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How to configure IPSEC encryption with the Cisco IOS (site to site VPN tunneling)

The OSPF dynamic routing protocol is probably the most popular LAN routing protocol today. OSPF can scale to the largest LANs but can also start out small. While OSPF can be complex to configure, its basic configuration isn’t difficult. Let’s learn how to configure OSPF in the Cisco IOS.

What do you need to know about OSPF?

IPSEC VPN Configuration in the Cisco IOS is not an easy task. For even experienced IT Pros, if you have never configured a Cisco IOS VPN, attempting to configure it can be frustrating and complex. In this article, we will look at a working Cisco IOS IPSEC VPN configuration and dissect the important parts to help you understand this very useful configuration.

What is an IPSEC VPN?

IPSec (or IP Security) offers methods to authenticate and encrypt IP traffic as if traverses a network. By doing this, that traffic can remain secure in transit. VPN (or virtual private networks) are created when network traffic is tunneled through another network. In our case, we are using IPSec to encrypt the VPN tunnel.

A site to site VPN tunnel is just a VPN tunnel that is, usually, permanently connected and used to connect two networks through another network (usually through the Internet). The Cisco router IOS can be used to create a site to site VPN tunnel using IPSec. You could connect a Cisco IOS router to another router, a Cisco PIX, Cisco ASA, or other brand of router/firewall. You should note that the IPSEC/FW edition of the Cisco IOS is required to perform the VPN (crypto) commands shown below.

Our Sample IPSec VPN Configuration in the Cisco IOS

Here is a sample Cisco IOS site to site VPN configuration using IPSEC for encryption:

interface E0/0ip address 192.168.1.254 255.255.255.0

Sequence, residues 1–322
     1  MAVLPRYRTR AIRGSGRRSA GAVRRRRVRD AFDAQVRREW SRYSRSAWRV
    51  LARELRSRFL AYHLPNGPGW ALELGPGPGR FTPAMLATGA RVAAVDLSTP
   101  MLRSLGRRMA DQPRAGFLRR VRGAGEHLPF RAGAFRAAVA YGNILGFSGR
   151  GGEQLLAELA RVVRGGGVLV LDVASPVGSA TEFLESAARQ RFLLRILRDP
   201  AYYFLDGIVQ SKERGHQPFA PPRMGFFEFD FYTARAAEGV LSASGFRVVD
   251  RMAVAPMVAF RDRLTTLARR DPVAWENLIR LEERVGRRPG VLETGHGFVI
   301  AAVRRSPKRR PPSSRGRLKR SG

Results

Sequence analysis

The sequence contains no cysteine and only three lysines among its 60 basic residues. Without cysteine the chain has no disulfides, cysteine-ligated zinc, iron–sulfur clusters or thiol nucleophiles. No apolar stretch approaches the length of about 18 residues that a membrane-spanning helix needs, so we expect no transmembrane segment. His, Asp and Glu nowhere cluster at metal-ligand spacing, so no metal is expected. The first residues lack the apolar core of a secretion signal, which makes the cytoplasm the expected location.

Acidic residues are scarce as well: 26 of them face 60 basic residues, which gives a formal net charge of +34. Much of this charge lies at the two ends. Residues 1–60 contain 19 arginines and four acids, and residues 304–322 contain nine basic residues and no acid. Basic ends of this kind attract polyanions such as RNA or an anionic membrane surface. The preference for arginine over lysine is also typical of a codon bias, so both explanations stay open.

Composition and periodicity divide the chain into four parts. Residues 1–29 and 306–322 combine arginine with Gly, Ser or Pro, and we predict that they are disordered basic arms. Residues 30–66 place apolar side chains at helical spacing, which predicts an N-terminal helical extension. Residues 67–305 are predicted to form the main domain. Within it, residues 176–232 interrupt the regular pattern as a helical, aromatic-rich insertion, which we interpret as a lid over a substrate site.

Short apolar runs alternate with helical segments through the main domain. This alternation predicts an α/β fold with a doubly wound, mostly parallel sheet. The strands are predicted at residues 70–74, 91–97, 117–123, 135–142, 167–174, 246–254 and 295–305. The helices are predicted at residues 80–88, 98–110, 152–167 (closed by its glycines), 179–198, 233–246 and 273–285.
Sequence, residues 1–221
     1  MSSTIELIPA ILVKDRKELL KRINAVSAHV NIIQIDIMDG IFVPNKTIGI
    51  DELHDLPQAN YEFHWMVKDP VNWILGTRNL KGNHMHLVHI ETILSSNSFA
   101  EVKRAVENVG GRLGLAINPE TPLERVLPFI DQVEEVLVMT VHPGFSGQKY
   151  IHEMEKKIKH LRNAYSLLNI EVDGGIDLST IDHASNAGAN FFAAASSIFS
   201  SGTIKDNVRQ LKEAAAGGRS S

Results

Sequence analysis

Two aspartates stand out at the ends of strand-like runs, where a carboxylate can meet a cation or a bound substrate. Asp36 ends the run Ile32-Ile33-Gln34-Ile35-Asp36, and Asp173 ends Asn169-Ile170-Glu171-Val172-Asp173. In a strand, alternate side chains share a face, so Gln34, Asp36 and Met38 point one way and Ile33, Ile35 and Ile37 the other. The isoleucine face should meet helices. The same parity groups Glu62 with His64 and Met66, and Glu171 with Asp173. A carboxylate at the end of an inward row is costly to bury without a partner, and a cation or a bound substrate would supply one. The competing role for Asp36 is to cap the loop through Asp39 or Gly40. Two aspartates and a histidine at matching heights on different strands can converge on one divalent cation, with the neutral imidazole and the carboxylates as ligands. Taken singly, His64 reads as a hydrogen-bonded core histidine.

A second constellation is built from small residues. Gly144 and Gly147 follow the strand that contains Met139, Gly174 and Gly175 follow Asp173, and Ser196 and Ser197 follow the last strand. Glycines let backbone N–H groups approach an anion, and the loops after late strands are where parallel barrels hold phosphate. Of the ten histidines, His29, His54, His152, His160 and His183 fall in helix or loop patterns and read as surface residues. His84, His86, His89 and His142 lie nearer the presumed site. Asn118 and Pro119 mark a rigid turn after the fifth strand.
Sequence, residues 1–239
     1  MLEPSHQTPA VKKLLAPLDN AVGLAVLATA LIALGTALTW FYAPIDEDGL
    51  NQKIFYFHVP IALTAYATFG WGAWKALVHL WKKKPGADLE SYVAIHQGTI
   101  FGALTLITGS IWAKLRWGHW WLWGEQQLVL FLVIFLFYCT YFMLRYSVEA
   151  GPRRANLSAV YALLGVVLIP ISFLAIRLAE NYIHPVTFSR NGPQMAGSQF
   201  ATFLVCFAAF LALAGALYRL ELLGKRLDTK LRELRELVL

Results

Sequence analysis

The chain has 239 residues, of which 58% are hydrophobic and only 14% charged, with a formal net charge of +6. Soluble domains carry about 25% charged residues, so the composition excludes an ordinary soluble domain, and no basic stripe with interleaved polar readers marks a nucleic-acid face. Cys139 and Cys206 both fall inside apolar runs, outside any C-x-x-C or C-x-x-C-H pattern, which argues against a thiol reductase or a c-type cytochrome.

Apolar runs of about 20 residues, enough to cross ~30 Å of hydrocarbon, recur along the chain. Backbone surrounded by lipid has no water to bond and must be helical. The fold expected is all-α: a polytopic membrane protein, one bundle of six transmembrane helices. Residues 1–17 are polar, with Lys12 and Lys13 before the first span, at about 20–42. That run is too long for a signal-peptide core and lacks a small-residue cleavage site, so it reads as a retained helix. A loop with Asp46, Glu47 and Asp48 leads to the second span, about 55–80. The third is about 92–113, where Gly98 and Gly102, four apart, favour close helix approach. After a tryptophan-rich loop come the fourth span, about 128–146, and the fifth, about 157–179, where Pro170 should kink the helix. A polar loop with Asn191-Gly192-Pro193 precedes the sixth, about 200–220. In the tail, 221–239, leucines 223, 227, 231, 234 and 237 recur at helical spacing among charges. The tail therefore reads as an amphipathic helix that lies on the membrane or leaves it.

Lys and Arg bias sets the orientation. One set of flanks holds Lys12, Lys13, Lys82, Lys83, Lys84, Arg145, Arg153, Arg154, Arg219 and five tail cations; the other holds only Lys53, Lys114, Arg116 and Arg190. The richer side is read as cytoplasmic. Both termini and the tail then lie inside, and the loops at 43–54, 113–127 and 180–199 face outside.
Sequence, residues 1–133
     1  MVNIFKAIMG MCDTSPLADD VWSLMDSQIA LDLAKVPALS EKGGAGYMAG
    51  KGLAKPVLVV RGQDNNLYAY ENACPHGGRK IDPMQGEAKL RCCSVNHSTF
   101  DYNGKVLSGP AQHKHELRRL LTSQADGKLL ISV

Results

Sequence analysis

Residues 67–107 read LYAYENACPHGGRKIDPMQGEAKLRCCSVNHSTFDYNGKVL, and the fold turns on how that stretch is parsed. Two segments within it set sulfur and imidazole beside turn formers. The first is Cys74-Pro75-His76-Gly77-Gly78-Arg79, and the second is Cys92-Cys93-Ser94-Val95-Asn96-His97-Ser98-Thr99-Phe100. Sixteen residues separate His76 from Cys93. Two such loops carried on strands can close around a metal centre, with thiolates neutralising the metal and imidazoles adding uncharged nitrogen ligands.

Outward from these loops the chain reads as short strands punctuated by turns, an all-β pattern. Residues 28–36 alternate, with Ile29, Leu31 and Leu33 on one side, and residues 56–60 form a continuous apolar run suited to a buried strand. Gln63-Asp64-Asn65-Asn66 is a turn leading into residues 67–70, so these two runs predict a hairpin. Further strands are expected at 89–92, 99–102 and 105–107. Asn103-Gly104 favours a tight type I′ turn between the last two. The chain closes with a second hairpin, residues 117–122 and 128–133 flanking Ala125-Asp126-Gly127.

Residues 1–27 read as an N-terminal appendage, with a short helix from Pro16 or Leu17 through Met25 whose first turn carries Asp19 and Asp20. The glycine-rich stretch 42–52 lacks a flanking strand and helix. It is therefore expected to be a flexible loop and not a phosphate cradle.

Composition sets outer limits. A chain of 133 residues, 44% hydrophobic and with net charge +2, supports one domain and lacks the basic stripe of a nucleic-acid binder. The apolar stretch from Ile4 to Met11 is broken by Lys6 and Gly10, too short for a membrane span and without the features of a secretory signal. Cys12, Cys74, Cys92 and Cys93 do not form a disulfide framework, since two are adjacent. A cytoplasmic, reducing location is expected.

interface Fa3/0ip address 2.2.2.2 255.255.255.0

crypto isakmp policy 1 encryption 3desauthentication pre-share crypto isakmp key secretpassword address 1.1.1.1 crypto ipsec transform-set mytransformset esp-3des esp-md5-hmac access-list 101 permit ip 192.168.1.0 0.0.0.255 192.168.2.0 0.0.0.255 crypto map Cryptomap1 10 ipsec-isakmp set peer 1.1.1.1 set transform-set mytransformset match address 101

interface Fa3/0 crypto map Cryptomap1

Now, let’s examine this configuration with the goal of helping you to understand it, be able to implement it, and troubleshoot it.

Our Sample IPSec VPN Configuration in the Cisco IOS – Explained

Let’s start from the top of the configuration and go down.

1. The crypto policy- used to define what the ISAKMP security settings will be between these two peers. In our example, we set the policy to use IPSEC (with the 3des encryption) and the authentication is set to pre-shared.

2. The crypto key – used as the pre-shared key between the two routers forming the IPSec VPN

3. The ipsec transform-set – used to set the IPSec encryption settings between the two routers forming the IPSec VPN

4. The Access-list – the ACL is very important as it defines what traffic is and is not encrypted between the two routers. If the traffic is not permitted in the ACL, that traffic is not encrypted.

5. Creating the crypto-map – the crypto-map is what brings the policy, key, transform-set, and access-list all together. You define the name of the crypto-map and that name is then used to apply the crypto-map to the interface.

6. The crypto map command – you will notice on the Fa3/0 interface the crypto map {cryptomap1} statement. This is the last statement that should be added to the configuration. This is where the VPN tunnel is actually applied. Applying this enables the tunnel. Notice how the crypto map has a name (which we named “Cryptomap1″). Crypto-maps can have many line numbers. Notice the “10” above, that shows that we are configuring line 10 of the crypto-map. From there, you could add lines 20, 30, and so on.

When the router boots up, the VPN is down. The encrypted tunnel is formed when the first packet is sent that matches the ACL.

The router that this router is connecting to, on the other side of the tunnel, would have all the same settings except the IP addressing would be reversed.

Also, don’t forget to allow the following into your Access-list or firewall, coming into your router, from the Internet. access-list 150 permit udp host 1.1.1.1 any eq isakmp access-list 150 permit esp host 1.1.1.1 any

You can use the show crypto command to view your crypto maps.

For more information on configuring Cisco IOS VPNs and crypto-maps, see the official Cisco documentation.

In Summary

In this article, we learned what an IPSec site-to-site VPN is and we showed a working configuration. From there we dissected that configuration, line by line, to help you understand it. IPSec VPNs are critical connections for most businesses today. Undoubtedly, you will come across a Cisco IOS VPN configuration at some point. Being able to quickly comprehend and troubleshoot these complex configuration just might save your day!

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